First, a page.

Carrizozo, NM, is home to those nearest to the Trinity Site (World’s first atomic bomb exploded in July 16th, 1945) and is a memorable town for Paul & I. Riding into Carrizozo is best done without an airplane altimeter for we would have easily registered a ‘stall’. With heated bearings and wind crunched faces we made camp at Valley of Fires National Recreation Area. Picking the most scenic camp site on the reclaimed lava field we had our own private shade tree and small lava formed grotto.
We cooked our hamburg and made a fire in the stone-cold lava overhang. The sun set over the Pacific Ocean, 900 miles away, and the desert chilled. There’s something strange about the proud desert; A blank expanse where even nature shies from elaborate cultivation but instead sows seeds of true muscle and longevity. When at night, the desert cowers; Seemingly content, the desert is lost for hope of warmth. We blanketed ourselves in the magnificent expanse of luminous stars and sat by our fire. We heated the grotto and cursed the onset of the full moon and it’s ability to attract our attention only towards it’s intimidating glow.
With mechanical problems diagnosed in the cool morning light we went after a bike shop. A volunteer gentleman at the camp lent us the use of his pickup and we drove to Ruidoso, the southern-most ski resort in the United States. Looking west we determined we were officially surrounded by the Southwest region. We bought the National Audubon Society’s Field Guide for the Southwestern States and biked through a land separated from everything Paul & I were familiar with.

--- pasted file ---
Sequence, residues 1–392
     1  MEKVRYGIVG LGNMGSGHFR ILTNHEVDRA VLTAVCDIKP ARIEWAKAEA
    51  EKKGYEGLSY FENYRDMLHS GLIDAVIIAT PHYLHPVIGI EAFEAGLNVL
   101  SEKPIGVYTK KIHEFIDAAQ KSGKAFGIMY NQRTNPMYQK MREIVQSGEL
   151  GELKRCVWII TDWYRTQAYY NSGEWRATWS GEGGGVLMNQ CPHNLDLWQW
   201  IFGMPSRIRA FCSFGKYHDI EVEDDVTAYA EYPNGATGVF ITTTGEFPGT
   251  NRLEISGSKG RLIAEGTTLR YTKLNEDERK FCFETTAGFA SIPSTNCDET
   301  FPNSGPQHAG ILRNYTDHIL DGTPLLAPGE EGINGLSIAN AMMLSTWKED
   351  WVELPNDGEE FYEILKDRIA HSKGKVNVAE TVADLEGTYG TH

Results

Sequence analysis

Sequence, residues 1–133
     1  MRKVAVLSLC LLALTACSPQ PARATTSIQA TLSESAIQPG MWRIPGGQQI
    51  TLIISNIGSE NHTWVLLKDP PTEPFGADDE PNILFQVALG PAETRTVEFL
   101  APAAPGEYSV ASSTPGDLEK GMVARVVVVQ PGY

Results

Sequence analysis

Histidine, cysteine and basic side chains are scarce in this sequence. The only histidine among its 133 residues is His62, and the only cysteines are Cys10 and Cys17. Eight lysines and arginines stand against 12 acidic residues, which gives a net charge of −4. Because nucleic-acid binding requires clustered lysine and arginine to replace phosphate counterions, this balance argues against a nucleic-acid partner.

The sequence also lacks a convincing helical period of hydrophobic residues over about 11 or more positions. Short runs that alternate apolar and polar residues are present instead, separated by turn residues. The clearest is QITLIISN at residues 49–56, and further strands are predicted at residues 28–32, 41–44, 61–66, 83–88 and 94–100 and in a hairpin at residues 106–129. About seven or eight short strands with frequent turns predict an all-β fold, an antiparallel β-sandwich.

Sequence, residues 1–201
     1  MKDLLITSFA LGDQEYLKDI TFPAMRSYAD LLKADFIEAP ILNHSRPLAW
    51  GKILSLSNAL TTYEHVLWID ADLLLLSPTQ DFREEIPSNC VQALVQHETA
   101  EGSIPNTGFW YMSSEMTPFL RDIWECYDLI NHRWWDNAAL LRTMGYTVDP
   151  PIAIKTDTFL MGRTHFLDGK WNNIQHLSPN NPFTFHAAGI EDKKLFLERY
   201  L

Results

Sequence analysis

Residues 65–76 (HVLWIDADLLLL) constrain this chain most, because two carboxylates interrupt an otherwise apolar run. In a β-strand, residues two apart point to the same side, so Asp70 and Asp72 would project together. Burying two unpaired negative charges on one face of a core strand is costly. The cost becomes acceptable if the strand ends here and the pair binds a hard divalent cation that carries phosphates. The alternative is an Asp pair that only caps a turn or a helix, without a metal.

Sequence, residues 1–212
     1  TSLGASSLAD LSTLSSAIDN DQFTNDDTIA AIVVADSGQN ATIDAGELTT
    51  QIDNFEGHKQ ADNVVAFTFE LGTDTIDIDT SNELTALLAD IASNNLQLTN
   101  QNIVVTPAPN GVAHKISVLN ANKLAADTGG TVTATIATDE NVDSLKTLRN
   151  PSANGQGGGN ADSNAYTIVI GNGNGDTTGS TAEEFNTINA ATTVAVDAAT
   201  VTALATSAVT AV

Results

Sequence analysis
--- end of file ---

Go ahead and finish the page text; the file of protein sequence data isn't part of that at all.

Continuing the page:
Deviating from a true pioneering sense we decided to cross the Rio Grande by bridge instead of attempting the ford. In doing so, Paul is now the farthest west in the United States that he has ever been. This is truly new territory for him and even for myself… well… everyday since New England has been ‘new territory’ for me; For that I am constantly thrilled.